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John Quincy Adams to Abigail Adams

20 Mar. 1796

My Dear Mother London March 20. 1796.

Your favour of January 23d. by Captain Barnard reached me two or three days ago. I am a little surprized that you had not at that date received any letters from me later than July. But indeed the intercourse between America and Holland is so precarious and interrupted that it is scarcely possible that a letter should pass from the one to the other in a shorter time than four or five months. The case is very different here, and the opportunities are so frequent that it is scarcely possible to write by all of them. I believe however you will think I have been tolerably punctual since my arrival in England, as no vessel has sailed from hence to Boston without letters to you, but the Galen, for which my packet happened to be too late.—About ten days since I wrote you by my friend Gardner who went with Scott, and enclosed by him some newspapers and pamphlets, as well as the cloaks for yourself and Louisa, for which you had written to my brother.—I am now just informed that Mr. White goes for Boston tomorrow morning, and shall request him to take charge of this letter

I return you many thanks for Mr: Randolph’s pamphlet, and that containing the first numbers of Camillus in defence of the Treaty; I had previously received the former from Philadelphia, and have expressed my opinion of it in my last Letter to you. I have since had an opportunity to read Porcupine’s observations upon it, which like the other publications of the same writer have some ingenuity, with much vulgarity and impudence.

It is possible that the detection of this Man, and the partial exposure of the party with which he was connected, may produce good effects in America, and God grant that it may; for I am sure it produces effects bad enough upon our national reputation in Europe. "So! the pretended patriots have their prices in America too!—and such paltry prices! But a few thousand dollars for a Secretary of State, and a——and a——and others unk\n/own—The tariff is indeed upon a very moderate scale—What an eulogium upon democracy and democratic principles! what an honour to Republican Governments! what a confirmation of the boasted American purity of principle! what a glorious encomium upon a Nation; to have such men in its most important offices." This is the style of argument upon the subject here, and the attempt to reflect some of the infancy of the man, upon the Nation which had honoured him has but too much success.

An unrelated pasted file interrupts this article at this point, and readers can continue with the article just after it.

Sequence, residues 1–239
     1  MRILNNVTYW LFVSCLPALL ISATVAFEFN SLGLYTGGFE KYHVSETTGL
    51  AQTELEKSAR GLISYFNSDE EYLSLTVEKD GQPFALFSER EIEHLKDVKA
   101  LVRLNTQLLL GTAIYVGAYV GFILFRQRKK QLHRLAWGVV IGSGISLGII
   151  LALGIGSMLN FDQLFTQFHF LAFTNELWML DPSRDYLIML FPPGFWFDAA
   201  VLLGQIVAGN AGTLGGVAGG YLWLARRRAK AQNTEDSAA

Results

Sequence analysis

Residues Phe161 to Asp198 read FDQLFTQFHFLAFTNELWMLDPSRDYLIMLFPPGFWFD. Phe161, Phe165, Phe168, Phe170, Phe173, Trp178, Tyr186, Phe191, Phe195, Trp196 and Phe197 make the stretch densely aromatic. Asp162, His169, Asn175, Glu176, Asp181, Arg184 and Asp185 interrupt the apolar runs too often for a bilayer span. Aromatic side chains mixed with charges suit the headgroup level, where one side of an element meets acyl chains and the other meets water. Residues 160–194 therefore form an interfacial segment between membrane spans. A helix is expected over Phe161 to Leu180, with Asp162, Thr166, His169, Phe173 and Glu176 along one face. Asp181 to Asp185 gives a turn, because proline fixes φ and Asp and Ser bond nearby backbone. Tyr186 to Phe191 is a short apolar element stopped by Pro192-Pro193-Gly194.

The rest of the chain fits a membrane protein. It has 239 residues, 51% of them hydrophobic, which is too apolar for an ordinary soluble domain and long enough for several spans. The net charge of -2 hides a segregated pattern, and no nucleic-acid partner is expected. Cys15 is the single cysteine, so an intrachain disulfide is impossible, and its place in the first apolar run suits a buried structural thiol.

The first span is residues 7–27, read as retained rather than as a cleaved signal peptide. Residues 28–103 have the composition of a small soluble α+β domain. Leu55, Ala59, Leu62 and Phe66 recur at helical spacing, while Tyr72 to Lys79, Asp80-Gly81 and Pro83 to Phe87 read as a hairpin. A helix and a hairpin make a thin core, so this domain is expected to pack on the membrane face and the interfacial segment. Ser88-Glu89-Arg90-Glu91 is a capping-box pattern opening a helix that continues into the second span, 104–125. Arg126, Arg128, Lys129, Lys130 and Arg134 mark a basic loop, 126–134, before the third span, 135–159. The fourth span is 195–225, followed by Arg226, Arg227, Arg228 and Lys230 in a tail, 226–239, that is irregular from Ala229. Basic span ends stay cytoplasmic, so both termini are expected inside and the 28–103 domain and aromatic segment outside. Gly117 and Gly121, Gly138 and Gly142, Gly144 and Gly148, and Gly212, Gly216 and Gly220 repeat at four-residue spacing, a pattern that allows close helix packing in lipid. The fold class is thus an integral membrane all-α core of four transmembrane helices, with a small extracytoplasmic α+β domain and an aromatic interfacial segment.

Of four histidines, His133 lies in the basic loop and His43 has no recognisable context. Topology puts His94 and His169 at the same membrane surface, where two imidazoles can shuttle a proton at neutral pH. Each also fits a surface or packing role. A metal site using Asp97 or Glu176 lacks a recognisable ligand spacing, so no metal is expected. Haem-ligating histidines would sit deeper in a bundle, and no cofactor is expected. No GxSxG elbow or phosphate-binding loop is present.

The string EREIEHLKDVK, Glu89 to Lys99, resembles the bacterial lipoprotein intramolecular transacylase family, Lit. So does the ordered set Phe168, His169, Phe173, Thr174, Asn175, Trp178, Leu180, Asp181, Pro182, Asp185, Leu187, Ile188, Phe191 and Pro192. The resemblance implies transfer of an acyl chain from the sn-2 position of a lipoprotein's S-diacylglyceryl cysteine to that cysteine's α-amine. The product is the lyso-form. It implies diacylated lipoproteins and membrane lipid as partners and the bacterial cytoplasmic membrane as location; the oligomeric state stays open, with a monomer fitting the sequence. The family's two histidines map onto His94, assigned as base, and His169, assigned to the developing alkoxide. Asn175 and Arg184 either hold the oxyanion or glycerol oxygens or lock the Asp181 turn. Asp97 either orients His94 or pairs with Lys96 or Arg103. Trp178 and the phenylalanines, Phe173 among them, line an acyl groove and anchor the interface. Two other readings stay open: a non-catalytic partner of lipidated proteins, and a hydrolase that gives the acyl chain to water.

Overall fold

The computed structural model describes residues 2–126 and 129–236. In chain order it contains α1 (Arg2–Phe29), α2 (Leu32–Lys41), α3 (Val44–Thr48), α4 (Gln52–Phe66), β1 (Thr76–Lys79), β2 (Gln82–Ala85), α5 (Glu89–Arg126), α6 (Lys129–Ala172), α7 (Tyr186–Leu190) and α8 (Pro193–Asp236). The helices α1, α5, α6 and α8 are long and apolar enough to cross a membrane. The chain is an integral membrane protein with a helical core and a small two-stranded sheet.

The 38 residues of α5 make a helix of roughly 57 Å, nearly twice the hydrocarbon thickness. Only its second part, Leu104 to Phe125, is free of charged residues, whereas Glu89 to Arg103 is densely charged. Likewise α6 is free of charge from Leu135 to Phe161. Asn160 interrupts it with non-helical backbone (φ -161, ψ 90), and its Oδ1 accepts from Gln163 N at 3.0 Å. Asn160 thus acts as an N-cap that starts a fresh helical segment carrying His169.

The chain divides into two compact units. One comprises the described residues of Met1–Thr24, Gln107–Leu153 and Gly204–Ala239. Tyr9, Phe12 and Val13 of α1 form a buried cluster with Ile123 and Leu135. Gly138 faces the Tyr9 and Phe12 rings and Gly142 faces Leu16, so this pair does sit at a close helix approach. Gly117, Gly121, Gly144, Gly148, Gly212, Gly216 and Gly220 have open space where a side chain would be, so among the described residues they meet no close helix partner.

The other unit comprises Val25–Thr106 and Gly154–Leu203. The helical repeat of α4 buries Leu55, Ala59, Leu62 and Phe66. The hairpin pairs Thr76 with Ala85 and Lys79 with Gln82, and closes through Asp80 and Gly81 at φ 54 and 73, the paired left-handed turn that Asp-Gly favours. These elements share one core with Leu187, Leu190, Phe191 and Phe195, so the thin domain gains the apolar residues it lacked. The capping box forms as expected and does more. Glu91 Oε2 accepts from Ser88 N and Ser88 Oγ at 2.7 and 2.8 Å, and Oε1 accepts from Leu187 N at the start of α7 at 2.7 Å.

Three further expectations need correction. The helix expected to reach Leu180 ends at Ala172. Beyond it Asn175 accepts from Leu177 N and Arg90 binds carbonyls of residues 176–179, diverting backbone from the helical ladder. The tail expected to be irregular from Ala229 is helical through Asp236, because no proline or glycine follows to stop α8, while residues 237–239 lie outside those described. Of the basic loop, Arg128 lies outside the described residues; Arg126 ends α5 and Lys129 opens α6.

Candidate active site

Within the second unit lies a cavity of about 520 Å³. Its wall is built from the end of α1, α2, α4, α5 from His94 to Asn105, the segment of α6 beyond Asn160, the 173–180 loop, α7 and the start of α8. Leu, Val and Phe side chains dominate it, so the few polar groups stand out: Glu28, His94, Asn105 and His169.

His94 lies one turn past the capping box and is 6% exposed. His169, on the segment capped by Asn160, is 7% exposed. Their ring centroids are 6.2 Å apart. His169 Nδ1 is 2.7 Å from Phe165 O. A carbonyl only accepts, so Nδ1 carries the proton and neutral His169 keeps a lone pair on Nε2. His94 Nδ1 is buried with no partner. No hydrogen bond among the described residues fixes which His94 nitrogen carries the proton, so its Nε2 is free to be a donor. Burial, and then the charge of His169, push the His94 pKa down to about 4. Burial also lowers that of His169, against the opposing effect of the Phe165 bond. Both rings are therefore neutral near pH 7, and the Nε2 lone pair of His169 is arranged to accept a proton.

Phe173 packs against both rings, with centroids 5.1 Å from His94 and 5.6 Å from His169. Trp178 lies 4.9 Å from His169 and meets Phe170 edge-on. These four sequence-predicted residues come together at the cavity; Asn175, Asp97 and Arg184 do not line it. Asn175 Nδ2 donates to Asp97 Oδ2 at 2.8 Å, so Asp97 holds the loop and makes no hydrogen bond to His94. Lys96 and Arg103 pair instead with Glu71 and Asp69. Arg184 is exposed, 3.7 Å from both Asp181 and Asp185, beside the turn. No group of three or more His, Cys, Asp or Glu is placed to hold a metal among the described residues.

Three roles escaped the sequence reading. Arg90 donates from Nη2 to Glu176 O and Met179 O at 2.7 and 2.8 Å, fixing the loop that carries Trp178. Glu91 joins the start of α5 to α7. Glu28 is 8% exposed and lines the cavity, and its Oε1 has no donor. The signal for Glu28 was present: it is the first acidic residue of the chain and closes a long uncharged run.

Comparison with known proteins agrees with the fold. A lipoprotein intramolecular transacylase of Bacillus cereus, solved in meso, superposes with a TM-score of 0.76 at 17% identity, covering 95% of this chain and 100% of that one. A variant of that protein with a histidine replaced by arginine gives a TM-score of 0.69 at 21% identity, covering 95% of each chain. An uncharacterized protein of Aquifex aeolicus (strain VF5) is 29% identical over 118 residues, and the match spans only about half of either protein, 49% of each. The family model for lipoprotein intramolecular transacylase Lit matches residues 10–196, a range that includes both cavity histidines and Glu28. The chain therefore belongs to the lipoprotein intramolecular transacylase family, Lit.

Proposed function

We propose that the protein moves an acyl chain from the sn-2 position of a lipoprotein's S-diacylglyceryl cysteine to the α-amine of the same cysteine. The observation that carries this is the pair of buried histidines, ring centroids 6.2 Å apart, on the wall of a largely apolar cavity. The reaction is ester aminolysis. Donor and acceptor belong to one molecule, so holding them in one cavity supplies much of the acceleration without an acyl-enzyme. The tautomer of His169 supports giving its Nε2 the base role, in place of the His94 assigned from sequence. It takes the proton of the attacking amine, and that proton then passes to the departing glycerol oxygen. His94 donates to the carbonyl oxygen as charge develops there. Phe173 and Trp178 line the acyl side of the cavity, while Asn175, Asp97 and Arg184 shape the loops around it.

Our national character in point of reputation is indeed rising throughout all Europe, with a rapidity which must give the most cordial delight to every person that has the feelings of real patriotism about him. It is rising at least in fair and equal proportion with the increase of our importance and power. The system of the American Government is compared by the people of the European Nations, with that which their own rulers have pursued. The systems are compared not only in consideration of principles but of their effects; nothing in Nature can exhibit a more powerful contrast; and it is not surprizing if the European rulers seize with avidity every occurrence that can weaken the effect of such an example in the minds of their People.

The papers enclosed will give you the news, which have nothing interesting—Mrs: Copley and her family are well. Perhaps you will hear of another family that has been still more attractive to me; but of this I may write more on a future occasion; remaining in the mean time, with my cordial regard and remembrance for all our friends at Quincy and Weymouth, your affectionate Son

John Q. Adams

RC (MHi: Adams Papers).
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